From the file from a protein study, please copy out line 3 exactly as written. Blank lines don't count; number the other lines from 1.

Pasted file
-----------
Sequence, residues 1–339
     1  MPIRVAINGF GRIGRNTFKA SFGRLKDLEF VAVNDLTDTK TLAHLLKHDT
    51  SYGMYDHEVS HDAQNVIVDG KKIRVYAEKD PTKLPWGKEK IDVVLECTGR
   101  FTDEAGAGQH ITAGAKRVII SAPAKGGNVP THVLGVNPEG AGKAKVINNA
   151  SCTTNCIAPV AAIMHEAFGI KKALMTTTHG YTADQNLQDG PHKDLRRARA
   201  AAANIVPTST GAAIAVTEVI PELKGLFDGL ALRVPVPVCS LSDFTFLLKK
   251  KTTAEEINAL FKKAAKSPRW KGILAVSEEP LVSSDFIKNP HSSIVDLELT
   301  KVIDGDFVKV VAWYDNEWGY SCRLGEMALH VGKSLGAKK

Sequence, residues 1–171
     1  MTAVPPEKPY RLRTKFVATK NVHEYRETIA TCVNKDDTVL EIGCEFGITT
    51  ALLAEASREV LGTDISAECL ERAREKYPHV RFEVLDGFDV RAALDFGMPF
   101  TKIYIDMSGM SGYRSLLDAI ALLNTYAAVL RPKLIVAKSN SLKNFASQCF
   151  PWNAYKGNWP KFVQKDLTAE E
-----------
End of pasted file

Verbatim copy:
    51  SYGMYDHEVS HDAQNVIVDG KKIRVYAEKD PTKLPWGKEK IDVVLECTGR